Do you believe that our Party should spend more time and resources holding the mainstream media accountable?
Yes
No
No opinion

About the Author:
Carol Benedict is an indépendant researcher and human rights activist. She is also an independent Journalist and a professional member of the US Press Association.

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Lawmakers Feel the Heat as Resistance Shows Up in Droves to Town Halls

Overflow crowds and tough questions marked Saturday’s Congressional recess events around the country

By Deirdre Fulton, staff writer for Common Dreams. Published 2-18-2017

“This is what the resistance looks like,” Democratic Rep. Mark Pocan wrote Saturday on Twitter. (Photo: Rep. Mark Pocan/Twitter)

Energized crowds in New York, South Carolina, and Wisconsin on Saturday morning gave lawmakers a hint of what awaits them in their home districts during the upcoming Congressional recess.

The Buffalo News reported that “[h]uge crowds of raucous progressives and quieter conservatives overwhelmed [Republican] Rep. Tom Reed’s town hall meetings in Ashville and Cherry Creek Saturday morning, with the progressives repeatedly interrupting and shouting down the congressman’s comments as he tried to defend Republican plans to repeal and replace the Affordable Care Act.”

In Ashville, N.Y., so many people showed up that the meeting had to be moved outside to a parking lot.  Continue reading

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Indivisible: A Practical Guide For Resisting The Trump Agenda

Former congressional staffers reveal best practices for making Congress listen.

Women’s March on Washington, January 21, 2017. Photo: VOA [Public domain], via Wikimedia Commons

NOTE FROM THE INDIVISIBLE TEAM

Since this guide went live as a Google Doc, we’ve received an overwhelming flood of messages from people all over the country working to resist the Trump agenda. We’re thrilled and humbled by the energy and passion of this growing movement. We’ll be updating the guide based on your feedback and making it interactive ASAP. You can sign up for updates at www.IndivisibleGuide.com.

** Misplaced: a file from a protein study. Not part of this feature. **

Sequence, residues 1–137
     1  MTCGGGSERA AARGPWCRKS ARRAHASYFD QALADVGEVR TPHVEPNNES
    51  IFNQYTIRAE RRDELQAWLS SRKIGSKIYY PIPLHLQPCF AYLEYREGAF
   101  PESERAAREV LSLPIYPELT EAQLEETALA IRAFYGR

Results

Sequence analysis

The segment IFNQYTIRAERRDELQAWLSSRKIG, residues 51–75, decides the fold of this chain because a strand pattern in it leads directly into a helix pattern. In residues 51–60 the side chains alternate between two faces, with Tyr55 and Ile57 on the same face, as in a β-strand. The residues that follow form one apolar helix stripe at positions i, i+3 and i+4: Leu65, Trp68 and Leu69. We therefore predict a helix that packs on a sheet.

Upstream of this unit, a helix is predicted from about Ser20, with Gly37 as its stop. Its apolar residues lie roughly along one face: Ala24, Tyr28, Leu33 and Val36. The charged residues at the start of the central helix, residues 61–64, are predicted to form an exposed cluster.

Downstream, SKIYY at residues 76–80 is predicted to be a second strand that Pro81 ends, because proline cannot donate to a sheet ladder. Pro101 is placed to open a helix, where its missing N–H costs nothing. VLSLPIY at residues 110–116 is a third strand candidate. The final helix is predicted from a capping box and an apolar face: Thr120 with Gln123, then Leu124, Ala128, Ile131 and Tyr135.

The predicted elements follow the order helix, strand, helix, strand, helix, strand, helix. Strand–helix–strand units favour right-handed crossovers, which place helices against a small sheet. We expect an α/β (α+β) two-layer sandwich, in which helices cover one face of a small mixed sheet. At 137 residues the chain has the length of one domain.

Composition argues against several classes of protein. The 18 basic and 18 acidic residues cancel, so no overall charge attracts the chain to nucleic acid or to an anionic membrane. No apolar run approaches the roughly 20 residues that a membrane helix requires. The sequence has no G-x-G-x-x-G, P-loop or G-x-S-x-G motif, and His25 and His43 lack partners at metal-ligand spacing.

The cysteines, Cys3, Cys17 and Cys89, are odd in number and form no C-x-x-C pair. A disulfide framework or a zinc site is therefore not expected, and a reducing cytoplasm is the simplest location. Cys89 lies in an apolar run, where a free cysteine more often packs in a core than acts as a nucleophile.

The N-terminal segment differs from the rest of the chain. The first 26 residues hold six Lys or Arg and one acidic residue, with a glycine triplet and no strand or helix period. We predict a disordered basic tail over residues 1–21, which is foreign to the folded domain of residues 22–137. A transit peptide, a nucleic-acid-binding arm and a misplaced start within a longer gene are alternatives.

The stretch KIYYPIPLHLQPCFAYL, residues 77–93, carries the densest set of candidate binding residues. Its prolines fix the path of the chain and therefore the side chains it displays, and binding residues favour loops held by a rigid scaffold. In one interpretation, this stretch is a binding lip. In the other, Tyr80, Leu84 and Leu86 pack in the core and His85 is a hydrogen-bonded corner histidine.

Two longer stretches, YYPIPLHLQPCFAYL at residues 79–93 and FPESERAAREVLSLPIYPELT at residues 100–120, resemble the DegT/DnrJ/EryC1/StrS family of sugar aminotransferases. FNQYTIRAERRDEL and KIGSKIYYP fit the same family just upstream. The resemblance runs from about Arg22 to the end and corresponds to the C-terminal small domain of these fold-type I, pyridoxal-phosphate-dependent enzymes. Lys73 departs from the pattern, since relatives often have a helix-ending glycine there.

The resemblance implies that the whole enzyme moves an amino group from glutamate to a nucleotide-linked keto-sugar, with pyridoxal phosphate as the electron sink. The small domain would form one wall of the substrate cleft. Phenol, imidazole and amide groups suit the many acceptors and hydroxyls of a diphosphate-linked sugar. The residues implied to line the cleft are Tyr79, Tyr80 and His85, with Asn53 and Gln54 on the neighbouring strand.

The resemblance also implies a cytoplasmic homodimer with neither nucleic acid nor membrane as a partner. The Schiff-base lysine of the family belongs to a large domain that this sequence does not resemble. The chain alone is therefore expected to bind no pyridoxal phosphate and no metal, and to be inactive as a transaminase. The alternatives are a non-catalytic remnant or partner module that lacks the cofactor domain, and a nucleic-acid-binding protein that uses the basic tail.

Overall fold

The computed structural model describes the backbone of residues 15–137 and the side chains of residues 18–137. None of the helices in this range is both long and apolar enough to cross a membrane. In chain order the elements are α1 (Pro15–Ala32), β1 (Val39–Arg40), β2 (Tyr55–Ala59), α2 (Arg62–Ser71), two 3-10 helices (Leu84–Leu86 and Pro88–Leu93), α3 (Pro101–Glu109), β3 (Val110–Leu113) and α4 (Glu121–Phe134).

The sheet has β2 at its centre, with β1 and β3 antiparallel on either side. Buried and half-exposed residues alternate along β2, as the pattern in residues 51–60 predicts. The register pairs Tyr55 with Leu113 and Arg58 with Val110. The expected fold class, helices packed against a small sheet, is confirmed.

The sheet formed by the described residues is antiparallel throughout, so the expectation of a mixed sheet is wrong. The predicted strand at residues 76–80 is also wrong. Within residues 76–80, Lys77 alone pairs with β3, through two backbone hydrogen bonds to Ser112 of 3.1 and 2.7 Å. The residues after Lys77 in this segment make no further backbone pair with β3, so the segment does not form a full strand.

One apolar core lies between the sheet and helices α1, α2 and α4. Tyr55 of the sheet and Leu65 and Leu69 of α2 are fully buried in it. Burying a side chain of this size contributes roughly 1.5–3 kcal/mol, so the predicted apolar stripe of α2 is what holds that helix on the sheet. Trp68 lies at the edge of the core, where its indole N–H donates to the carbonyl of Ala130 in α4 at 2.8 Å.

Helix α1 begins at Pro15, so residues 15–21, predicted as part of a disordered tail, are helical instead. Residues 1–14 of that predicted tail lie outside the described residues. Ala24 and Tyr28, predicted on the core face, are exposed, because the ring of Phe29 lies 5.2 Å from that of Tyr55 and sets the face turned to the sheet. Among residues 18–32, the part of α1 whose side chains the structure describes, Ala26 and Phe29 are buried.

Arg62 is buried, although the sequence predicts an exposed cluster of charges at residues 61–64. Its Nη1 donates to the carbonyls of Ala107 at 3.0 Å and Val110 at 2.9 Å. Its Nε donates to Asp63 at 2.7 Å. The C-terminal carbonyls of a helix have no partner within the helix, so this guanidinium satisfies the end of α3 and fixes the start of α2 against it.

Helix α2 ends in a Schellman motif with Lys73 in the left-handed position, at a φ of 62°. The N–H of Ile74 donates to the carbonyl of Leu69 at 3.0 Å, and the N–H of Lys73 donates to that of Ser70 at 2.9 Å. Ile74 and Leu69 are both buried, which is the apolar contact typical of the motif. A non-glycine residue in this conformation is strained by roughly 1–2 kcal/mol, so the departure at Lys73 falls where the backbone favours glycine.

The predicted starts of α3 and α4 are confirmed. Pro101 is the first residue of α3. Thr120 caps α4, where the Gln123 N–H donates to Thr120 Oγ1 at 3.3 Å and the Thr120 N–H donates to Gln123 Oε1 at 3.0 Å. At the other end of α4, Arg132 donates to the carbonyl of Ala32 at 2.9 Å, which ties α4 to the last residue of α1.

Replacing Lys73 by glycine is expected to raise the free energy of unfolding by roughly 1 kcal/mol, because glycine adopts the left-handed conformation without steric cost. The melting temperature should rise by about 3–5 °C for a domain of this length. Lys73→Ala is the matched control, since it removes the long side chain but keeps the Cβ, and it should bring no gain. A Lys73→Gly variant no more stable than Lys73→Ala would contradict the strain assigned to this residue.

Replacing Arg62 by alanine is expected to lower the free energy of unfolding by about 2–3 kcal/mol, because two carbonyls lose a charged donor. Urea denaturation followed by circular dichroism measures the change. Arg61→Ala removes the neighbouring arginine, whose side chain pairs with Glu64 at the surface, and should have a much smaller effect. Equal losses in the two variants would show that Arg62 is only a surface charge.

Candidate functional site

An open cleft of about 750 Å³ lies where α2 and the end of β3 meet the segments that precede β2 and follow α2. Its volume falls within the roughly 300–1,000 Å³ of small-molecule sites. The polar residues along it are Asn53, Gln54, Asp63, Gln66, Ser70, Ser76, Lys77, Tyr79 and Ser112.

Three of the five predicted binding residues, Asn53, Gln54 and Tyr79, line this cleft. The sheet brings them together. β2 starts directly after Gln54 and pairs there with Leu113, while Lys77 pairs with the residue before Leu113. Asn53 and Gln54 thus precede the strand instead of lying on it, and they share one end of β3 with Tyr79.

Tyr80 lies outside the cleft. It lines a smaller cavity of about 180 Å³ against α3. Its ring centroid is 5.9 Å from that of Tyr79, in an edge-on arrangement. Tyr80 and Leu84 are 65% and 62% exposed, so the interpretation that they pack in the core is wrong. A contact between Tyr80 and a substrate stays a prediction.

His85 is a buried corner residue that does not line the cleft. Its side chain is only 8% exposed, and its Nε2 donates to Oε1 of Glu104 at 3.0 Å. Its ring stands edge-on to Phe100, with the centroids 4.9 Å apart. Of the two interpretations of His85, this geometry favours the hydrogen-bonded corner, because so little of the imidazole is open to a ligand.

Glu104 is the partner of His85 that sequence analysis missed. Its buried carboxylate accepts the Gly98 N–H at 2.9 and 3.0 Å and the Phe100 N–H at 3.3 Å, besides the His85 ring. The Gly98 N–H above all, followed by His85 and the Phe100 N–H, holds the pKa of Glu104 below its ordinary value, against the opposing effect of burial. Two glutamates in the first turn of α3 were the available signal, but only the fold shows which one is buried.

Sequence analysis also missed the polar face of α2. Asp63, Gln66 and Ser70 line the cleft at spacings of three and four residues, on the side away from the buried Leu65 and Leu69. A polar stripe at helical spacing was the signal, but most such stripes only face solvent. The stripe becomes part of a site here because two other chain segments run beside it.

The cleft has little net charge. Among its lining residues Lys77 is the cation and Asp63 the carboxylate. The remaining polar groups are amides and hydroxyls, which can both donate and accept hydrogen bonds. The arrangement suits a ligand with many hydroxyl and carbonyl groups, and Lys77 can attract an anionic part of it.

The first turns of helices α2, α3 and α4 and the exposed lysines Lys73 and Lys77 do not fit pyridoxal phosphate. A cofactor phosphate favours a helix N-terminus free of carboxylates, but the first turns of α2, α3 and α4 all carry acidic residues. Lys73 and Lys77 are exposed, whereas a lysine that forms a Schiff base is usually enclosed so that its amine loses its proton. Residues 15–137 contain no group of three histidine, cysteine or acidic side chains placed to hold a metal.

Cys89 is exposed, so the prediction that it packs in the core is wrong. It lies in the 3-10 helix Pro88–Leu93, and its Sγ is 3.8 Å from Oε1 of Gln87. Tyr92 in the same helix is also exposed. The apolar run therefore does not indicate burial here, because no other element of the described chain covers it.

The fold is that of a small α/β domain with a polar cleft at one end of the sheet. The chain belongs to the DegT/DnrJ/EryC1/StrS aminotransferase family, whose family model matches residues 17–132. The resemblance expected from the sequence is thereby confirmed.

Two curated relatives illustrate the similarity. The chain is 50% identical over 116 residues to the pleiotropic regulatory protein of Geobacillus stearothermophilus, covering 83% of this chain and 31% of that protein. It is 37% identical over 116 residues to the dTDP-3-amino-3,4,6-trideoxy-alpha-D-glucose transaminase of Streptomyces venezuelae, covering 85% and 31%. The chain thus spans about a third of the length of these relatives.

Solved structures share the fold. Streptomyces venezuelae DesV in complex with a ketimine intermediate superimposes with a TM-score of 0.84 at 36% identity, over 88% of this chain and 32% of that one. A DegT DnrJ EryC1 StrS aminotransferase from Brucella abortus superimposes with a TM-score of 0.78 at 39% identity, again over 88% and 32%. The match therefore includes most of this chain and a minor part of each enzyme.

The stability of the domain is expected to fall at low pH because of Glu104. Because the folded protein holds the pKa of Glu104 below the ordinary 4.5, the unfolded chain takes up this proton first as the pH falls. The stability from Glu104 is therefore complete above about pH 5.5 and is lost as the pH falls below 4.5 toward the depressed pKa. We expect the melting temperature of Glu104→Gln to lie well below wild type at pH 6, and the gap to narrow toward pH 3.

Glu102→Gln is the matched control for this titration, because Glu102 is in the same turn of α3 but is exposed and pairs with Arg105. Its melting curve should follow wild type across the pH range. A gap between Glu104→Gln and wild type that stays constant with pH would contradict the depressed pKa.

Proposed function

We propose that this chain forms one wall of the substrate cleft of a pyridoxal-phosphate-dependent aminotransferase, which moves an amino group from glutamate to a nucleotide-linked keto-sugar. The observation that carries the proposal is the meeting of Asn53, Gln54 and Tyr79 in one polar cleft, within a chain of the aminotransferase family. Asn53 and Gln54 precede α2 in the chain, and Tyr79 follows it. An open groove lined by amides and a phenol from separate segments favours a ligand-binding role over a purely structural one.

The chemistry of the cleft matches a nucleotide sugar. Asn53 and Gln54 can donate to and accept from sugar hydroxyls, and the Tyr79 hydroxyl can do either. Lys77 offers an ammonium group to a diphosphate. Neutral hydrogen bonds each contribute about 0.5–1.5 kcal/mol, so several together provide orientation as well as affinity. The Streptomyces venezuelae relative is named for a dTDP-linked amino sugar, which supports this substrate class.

Every single person who worked on this guide and website is a volunteer. We’re doing this in our free time without coordination or support from our employers. Our only goal is to help the real leaders on the ground who are resisting Trump’s agenda on their home turf. We hope you will take this document and use it however you see fit. Continue reading

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8 Things Congress Has Done While Everyone was Distracted by Trump

By . Published 2-14-2017 by The Anti-Media

Photo: Wikimedia Commons

While we were distracted by the onslaught of executive orders President Trump pushed through during his first two weeks in office, legislators in Congress were busy quietly introducing legislation to bolster his top-down moves.

Here’s what you missed:

1. A House Panel Voted to Terminate the Election Assistance Commission

The House Administration Committee voted 6-3 in favor Republican Congressman Gregg Harper’s bill to terminate the Election Assistance Commission. The EAC, which was created in response to the contentious 2000 Florida election results as part of the Help America Vote Act, is a bipartisan commission that certifies voting machines and is responsible for making sure they cannot be hacked. Continue reading